Posts tagged Mesa Trail
New dog management regulations along mountain backdrop
The first in a series of changes to dog management practices in the West Trail Study Area (West TSA) will take effect on Monday, April 15. The following areas will be posted with signage reflecting the following changes:
- Fern Canyon Trail (from where it leaves the Mesa Trail heading west to Bear Peak – Dogs on this trail will now be allowed to be off leash with the proper use of voice and sight control
- Lower McClintock Trail (from the wooden bridge just below the Chautauqua Auditorium along the short distance heading west until the Enchanted Mesa Trail) – Dogs will no longer be allowed on this portion of the trail
- Boy Scout Trail (located at the Flagstaff Summit) – Dogs will no longer be allowed in this area
These changes are the result of recommendations made and approved in 2011after a rigorous public process that brought constituencies together in the form of a Community Collaborative Group to develop a set of best visitor activity and environmental protection practices for the valuable ecosystem in the west TSA. Generally speaking, the West TSA covers from Eldorado Springs Drive (south) to Linden Avenue (north) and from Broadway (east) to the west side of the Flatirons.
The group made these recommendations related to dog management, as well as others that are likely to take effect around May 1. These will include the following changes:
- Towhee Trail – Dogs will no longer be allowed on this trail
- Old Mesa Trail (from Lower Shadow Canyon down to Eldorado Canyon) – Dogs must be leashed and on trail
- The Homestead Trail – Dogs will continue to be permitted off leash with the proper use of voice and sight control except for when crossing the riparian corridor, where dogs must be leashed
Be sure to check http://www.osmp.orgfor the exact dates when these future changes will go into effect and for general information about the provisions. If you have additional questions about these changes, please contact Dean Paschall at 720-564-2050.
The City of Boulder Open Space and Mountain Parks (OSMP) department has re-opened the lower portions of Fern and Shadow Canyon trails to hiking and access to several popular climbing areas on the west side of Mesa Trail. The area had been closed as a result of the June 26 Flagstaff Fire.
“With the lifting of closures in this particular area, the public can hike the loop near Fern Canyon and have access to climbing routes in the area such as The Slab, Fern Canyon Boulders, and The Maiden,” said Eric Stone, division manager for OSMP.
Some closures remain in effect. The boundary on the west is now points on both Fern and Shadow Canyon trails that are still marked with closure signs. On Fern Canyon, a new closure boundary will be placed at a point approximately 0.25 mile west of the junction with The Mesa Trail where an access to Fern Canyon Boulders exists. The closure boundary on Shadow Canyon Trail is now approximately 0.4 mile west of the junction with Shadow Canyon North to provide access to a climbing area known as The Maiden. The summits of both Bear and South Boulder Peaks will remain closed as will the upper portions of Shadow and Fern Canyons and Bear Peak West Ridge Trail until staff has the opportunity to conduct a complete assessment of this area in regard to visitor safety and resource protection. This area will reopen to on-trail travel only once it is determined to be safe for visitor access.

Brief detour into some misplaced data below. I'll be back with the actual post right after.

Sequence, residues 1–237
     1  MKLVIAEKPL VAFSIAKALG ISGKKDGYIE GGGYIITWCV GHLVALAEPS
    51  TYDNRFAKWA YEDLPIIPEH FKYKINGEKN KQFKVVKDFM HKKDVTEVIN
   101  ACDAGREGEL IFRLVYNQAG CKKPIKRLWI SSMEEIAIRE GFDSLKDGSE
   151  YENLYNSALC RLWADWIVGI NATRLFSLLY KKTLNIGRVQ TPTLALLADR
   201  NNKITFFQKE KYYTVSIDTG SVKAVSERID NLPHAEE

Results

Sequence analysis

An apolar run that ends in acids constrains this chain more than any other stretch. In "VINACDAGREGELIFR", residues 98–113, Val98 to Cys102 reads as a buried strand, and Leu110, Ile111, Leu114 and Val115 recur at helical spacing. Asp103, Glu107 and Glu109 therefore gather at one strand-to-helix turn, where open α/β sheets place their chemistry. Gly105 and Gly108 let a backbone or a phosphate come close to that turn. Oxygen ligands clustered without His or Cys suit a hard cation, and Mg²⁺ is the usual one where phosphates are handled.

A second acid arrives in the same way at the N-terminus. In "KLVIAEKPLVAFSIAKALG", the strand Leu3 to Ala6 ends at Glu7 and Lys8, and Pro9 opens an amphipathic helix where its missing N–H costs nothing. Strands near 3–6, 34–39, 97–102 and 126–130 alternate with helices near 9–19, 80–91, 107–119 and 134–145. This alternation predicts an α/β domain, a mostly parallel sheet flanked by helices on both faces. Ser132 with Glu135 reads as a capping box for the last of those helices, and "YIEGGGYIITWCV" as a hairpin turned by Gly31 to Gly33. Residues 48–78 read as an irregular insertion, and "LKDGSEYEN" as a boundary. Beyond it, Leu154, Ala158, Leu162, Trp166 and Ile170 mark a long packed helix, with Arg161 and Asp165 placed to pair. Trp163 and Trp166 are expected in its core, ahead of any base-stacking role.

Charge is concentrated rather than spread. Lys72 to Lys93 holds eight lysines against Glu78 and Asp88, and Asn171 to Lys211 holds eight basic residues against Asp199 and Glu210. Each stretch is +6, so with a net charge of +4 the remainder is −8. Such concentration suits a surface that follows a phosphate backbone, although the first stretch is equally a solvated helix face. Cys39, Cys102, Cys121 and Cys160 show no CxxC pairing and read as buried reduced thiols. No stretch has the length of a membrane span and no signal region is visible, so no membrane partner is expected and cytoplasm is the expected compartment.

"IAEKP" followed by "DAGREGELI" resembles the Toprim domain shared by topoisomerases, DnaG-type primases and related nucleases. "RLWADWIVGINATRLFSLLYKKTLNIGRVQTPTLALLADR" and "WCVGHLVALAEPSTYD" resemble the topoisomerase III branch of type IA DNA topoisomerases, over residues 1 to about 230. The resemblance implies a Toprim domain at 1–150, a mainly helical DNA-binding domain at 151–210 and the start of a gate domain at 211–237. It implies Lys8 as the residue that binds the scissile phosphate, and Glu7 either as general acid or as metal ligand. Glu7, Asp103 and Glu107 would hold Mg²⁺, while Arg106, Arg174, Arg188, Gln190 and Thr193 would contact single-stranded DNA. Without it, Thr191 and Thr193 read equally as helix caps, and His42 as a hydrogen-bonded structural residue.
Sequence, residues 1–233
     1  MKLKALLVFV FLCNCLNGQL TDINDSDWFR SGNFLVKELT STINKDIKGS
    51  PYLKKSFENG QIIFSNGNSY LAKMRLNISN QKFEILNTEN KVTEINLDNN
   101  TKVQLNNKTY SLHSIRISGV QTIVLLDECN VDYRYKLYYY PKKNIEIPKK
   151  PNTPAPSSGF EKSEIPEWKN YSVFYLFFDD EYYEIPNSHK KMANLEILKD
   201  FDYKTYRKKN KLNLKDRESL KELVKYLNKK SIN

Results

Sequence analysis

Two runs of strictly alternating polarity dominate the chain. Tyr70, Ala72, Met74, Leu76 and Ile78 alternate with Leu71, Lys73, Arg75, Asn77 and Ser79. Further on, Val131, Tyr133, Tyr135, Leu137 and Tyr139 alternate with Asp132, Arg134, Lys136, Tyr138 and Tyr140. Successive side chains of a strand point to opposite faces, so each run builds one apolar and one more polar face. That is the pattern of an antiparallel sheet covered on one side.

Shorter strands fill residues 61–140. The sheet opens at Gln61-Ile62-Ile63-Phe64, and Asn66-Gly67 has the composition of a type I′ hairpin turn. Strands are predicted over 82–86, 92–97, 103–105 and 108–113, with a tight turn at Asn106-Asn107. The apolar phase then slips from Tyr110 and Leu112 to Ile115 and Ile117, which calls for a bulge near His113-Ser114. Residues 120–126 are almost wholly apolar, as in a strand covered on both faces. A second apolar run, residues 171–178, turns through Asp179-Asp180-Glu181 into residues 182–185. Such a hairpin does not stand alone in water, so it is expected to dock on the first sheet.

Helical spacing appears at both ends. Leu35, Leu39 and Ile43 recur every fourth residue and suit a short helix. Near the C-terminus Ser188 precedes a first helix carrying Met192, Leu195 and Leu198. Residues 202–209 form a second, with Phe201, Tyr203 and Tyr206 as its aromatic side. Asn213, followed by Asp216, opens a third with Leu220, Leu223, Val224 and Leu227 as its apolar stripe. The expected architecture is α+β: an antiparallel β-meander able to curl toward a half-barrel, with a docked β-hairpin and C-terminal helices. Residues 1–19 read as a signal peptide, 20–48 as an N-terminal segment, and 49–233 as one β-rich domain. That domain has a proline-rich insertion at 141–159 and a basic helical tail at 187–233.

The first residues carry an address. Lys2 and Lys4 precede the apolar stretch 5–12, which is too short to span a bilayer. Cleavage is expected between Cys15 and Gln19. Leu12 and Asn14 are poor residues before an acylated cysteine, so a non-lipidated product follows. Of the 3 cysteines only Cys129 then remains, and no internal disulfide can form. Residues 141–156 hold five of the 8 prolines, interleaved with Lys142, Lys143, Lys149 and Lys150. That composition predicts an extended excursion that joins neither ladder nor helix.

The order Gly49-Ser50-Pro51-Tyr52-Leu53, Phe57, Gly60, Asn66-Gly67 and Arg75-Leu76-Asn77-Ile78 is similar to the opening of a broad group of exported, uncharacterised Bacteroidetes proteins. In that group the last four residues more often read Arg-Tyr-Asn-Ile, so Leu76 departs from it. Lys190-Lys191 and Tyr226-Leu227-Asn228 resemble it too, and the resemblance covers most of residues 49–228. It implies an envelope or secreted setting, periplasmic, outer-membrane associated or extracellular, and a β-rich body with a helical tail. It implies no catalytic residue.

For questions about closures on OSMP properties, please call 303-441-3440 or visit www.OSMP.org
City of Boulder Open Space and Mountain Parks officials today announced the re-opening of the Bear Canyon Trail following last week’s fire closure. Bear Canyon Trail above west of the Mesa Trail will be open, effective immediately, up to where hikers can connect to Green Mountain via the Green-Bear Trail. Travel is limited to on-trail only. Fern Canyon, Bear Peak West Ridge and Shadow Canyon trails remain closed.
Because much of the area that burned is on very steep slopes, contained very large trees, and was largely inaccessible to fire crews, some areas of active fire may continue to smolder for some time. Dangerous conditions continue to exist, especially along the eastern edge of the fire and in Fern and Shadow canyons.
“We had a spot fire in upper Shadow Canyon,” Stone said, “and smoldering trees can topple over and ignite at any time. Burning logs and debris can roll downhill on such steep slopes and start new fires. So we still have to be somewhat cautious about opening all of the area around the fire even though these areas may not actually have burned.”
Open Space and Fire Department staff will continue to assess the fire potential and risks to the public over the next few weeks. The city will strive to strike a reasonable balance between risk and access to these popular natural areas.
A map of the continued closures is attached to this release.
For information, visit www.osmp.org or call 303-441-3440.